Fear of red tide causing false alarms in Sarasota-Manatee, scientists say
Very low concentrations of toxic algae were found offshore of Southwest Florida, but there is no red tide bloom, according to the Florida Fish and Wildlife Conservation Commission.
SARASOTA, FL — Two months after wildlife officials declared Florida’s red tide outbreak over, scientists have found traces of the toxic algae in three Southwest Florida counties, but it’s a far cry from the red tide bloom that plagued the state for 18 months.
In a word, it’s normal.
There is no red tide bloom.
There were very low concentrations found in single samples collected in Manatee, Charlotte and Lee counties, according to the Florida Fish and Wildlife Conservation Commission.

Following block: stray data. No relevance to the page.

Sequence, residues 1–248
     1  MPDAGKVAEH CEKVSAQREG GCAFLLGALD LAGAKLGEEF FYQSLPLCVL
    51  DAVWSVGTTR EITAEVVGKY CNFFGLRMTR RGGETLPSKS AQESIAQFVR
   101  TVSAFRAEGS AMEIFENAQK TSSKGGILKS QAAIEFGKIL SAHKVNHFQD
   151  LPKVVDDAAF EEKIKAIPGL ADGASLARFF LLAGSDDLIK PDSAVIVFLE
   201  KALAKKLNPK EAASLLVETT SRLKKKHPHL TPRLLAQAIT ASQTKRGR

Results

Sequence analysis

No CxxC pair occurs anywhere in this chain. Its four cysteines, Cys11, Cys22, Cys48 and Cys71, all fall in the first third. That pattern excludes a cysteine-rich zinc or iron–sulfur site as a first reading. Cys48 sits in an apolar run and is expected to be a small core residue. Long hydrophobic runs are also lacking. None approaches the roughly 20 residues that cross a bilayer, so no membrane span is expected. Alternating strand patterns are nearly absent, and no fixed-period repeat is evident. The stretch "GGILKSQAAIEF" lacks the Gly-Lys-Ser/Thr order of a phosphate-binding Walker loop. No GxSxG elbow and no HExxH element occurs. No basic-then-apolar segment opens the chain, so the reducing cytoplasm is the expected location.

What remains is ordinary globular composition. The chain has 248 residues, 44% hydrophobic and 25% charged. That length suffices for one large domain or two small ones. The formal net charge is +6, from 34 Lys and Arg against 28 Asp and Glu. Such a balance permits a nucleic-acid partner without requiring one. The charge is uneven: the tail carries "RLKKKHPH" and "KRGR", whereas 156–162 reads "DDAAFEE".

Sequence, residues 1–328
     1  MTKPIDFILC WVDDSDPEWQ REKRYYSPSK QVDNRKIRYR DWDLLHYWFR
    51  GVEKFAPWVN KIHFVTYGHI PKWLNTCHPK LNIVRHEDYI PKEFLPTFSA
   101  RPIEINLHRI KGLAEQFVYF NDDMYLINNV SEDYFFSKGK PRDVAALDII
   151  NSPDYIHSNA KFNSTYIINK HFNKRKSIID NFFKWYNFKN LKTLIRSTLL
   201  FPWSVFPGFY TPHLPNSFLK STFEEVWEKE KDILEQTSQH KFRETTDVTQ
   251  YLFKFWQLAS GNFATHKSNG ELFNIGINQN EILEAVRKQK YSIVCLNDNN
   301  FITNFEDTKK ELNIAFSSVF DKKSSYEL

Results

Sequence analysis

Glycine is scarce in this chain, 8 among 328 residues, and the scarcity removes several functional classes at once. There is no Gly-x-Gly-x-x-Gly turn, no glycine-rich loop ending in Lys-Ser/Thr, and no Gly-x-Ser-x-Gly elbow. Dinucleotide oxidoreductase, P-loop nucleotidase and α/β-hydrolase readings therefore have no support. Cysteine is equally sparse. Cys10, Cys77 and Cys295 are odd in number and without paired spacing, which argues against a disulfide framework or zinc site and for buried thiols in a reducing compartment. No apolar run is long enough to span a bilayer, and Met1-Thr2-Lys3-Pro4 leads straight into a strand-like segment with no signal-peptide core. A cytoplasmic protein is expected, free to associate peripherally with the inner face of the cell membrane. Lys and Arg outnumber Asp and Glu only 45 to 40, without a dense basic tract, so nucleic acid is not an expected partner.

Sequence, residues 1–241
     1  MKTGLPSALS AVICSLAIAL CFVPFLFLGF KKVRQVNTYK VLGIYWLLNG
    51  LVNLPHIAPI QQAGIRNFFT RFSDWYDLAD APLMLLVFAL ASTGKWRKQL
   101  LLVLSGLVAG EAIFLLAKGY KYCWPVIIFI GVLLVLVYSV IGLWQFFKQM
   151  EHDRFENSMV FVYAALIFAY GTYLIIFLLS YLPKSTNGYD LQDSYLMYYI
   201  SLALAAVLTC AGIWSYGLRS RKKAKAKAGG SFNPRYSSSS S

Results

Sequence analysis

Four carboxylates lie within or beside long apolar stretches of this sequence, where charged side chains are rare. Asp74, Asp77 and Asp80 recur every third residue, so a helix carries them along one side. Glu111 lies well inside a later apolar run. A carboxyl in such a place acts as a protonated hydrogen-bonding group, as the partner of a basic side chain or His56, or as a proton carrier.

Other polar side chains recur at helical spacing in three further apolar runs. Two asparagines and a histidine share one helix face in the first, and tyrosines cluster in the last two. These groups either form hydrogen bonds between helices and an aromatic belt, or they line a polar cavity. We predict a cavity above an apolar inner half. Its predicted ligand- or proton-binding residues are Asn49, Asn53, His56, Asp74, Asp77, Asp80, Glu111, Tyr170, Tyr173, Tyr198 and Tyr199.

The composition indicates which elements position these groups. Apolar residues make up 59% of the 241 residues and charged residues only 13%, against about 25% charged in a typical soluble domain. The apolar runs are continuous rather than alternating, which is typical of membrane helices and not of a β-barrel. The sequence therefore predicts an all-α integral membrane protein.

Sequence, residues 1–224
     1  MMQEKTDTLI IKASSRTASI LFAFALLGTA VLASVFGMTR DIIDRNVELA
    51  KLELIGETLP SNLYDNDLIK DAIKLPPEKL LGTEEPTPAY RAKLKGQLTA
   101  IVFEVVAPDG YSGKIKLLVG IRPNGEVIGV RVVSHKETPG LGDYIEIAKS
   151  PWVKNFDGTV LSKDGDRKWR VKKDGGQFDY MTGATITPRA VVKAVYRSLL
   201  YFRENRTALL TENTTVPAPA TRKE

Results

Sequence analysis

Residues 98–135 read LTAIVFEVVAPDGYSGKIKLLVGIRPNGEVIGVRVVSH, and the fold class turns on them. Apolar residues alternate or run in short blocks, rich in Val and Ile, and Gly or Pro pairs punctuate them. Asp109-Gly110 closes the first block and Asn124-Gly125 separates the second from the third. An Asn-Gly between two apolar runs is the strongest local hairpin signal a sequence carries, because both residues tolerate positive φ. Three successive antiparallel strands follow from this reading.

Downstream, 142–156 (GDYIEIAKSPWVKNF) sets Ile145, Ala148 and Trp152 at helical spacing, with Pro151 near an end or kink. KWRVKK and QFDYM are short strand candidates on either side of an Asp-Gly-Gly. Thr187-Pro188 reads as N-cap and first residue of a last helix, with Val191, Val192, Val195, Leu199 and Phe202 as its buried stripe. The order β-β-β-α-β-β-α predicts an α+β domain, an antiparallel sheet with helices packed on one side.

The re-emergence of even background levels of Karenia brevis on Friday’s FWC red tide status report — and reports of respiratory irritation for the first time since February — led to public fears that another outbreak could be forming.
However, the anecdotal reports of breathing problems were attributed to other sources, not red tide, FWC said.
A non-harmful red drift, a woolly seaweed known as macro algae, washed up Tuesday on Sarasota County beaches.
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